Canine demodicosis: Serious disease requires aggressive therapy - DVM
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Canine demodicosis: Serious disease requires aggressive therapy


DVM360 MAGAZINE


Doses of ivermectin for various diseases and side effects:

  • 5-6ug/kg—heartworm preventive
  • 50ug/kg—dirofilaricide
  • 200ug/kg—most common dosage for treatment of sarcoptic mange, LD50 of ivermectin-sensitive Collies and Australian Shepherds
  • 1,000ug/kg—mydriasis
  • 2,000ug/kg—weight loss, tremors, ataxia in 50 percent of dogs
  • 80,000ug/kg—LD 50 for general canine population


Photo 4: Demodex pododermatitis in a Lhasa Apso.

Photo 5: Adult Cocker Spaniel with demodex mites of the perioral area and demodex otitis.














Other therapies:
  • Taktic: Mix 1cc with 100cc water and use daily half-body applications. Resolution rate overall: 79 percent. Treatment duration: 3.7 months.
  • Preventic Collar: 9% amitraz. Not approved or studied for use in generalized demodicosis. Limited use has shown control of chronic demodicosis.
  • Vitamin E: Dr. Figueiredo (Brazil) studied 36 cases of juvenile- and adult-onset generalized demodicosis and found all had significantly lower serum Vitamin E levels than normal dogs. Twenty-seven dogs were treated with Vitamin E 200 IU orally five times daily. Within six weeks, 90 percent achieved negative skin scrapings. Griffin (1992) was unable to demonstrate significantly reduced levels of Vitamin E in generalized demodicosis with/without pyoderma. Vitamin E may be a beneficial concurrent therapy because of its immunomodulating properties.
  • Immunostimulants: Have not been evaluated for use in generalized demodicosis.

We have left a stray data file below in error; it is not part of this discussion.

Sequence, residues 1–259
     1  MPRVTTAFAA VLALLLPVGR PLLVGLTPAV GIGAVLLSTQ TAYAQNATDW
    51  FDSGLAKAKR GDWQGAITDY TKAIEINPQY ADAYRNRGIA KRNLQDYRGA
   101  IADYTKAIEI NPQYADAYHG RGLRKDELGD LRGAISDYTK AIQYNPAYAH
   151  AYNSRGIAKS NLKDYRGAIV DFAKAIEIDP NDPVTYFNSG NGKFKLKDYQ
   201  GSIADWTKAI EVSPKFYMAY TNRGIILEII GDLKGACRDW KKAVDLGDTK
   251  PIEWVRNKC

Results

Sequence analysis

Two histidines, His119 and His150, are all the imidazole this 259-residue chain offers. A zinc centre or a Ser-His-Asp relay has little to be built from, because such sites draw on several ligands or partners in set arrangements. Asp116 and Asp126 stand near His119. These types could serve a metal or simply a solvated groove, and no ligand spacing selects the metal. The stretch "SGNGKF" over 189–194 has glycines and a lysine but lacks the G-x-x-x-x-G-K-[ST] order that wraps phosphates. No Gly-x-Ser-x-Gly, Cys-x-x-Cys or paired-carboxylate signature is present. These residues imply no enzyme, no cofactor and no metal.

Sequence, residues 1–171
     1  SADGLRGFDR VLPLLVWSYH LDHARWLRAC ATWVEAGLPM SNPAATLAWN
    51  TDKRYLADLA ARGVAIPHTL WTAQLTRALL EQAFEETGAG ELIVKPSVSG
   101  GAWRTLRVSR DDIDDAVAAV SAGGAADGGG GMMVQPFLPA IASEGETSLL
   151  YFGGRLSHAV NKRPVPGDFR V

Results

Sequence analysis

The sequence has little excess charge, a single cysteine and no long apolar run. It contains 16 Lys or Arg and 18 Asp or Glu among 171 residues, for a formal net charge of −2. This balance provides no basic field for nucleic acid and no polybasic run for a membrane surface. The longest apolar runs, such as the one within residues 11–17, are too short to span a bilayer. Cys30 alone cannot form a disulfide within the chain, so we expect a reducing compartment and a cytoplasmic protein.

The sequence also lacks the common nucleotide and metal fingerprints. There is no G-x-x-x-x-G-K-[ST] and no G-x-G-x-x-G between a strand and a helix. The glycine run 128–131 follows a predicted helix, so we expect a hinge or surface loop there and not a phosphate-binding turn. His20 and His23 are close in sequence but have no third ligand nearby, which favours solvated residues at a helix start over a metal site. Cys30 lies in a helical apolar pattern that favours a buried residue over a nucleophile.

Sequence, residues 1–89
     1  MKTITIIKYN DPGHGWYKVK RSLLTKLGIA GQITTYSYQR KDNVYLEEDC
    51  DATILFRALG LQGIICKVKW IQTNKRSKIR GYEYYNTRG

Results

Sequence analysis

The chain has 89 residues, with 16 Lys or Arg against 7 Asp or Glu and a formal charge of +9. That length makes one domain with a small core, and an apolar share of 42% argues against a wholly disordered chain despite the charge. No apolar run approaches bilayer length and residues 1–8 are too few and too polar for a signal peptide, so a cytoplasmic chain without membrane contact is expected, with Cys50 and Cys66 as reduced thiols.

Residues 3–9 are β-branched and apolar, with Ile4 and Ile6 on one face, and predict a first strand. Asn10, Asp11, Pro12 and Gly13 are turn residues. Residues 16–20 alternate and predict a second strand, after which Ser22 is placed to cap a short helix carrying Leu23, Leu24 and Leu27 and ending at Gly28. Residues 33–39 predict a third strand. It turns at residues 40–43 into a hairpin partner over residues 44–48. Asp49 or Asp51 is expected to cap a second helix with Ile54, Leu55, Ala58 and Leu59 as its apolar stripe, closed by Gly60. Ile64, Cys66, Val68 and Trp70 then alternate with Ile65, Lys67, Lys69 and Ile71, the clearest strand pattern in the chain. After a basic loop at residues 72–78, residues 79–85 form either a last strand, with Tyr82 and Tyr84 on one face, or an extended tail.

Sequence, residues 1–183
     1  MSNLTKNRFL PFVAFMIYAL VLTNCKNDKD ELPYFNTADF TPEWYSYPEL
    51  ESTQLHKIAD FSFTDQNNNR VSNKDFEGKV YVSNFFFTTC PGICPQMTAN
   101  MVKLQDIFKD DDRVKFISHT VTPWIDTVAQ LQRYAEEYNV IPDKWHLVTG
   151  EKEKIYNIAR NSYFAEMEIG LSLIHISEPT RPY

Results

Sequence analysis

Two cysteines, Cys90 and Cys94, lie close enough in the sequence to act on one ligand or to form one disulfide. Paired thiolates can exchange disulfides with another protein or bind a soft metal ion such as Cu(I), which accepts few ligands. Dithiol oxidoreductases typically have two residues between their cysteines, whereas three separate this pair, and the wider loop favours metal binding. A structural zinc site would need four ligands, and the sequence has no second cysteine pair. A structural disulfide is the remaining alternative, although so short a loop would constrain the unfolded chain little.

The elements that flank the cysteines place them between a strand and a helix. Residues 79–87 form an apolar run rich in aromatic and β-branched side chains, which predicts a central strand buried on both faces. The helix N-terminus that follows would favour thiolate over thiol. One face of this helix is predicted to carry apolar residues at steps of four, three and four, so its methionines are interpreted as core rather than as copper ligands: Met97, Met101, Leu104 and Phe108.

• Lufenuron: Schwassman (1997) showed no improvement when used once daily for five days/month for two to three months at 13mg/kg or 15mg/kg administered times a week for two to three months in dogs with generalized demodicosis.
  • Selamectin: Anecdotal reports suggest it is not helpful.
  • Doramectin: 600ug/kg once weekly for five weeks to 23 weeks produced a cure in 10 out of 23 patients.

Demodicosis, whether it is juvenile- or adult-onset, is a serious disease that requires aggressive therapy. Treatment of the accompanying bacterial pyoderma is advisable and no steroids should be used. In adult-onset demodicosis, particularly in patients that have not been on steroids, a search for an underlying disease should be undertaken. Choosing which therapy is suitable for the patient and the owner is essential since contraindications for therapy exist not only for the patient, but in the case of amitraz dips, for the owner.


Alice Jeromin
Dr. Jeromin is a pharmacist and veterinary dermatologist in private practice in Cleveland, Ohio. She is a 1989 graduate of The Ohio State University College of Veterinary Medicine and an adjunct professor at Case Western Reserve University's College of Medicine in Cleveland.

References

  • Hugnet C, Bruchon-Hugnet C, Royer H, Bourdoiseau G, Efficacy of 1.25% Amitraz solution in the treatment of generalized demodicosis (eight cases) and sarcoptic mange (five cases) in dogs. Veterinary Dermatology, Vol. 12, No. 2, April 2001.
  • LeMarie S, Hosgood G, Foil C. A retrospective study of juvenile and adult onset generalized demodicosis in dogs (1986-91). Veterinary Dermatology, Vol. 7, No. 1, March 1996.
  • Mueller R. Treatment protocols for demodicosis: an evidence-based review. Veterinary Dermatology, Vol. 15, No. 2, April 2004.
  • Holm B. Efficacy of Milbemycin oxime in the treatment of canine generalized demodicosis: a retrospective study of 99 dogs (1995-2000). Veterinary Dermatology, Vol. 14, No. 4, August 2003.


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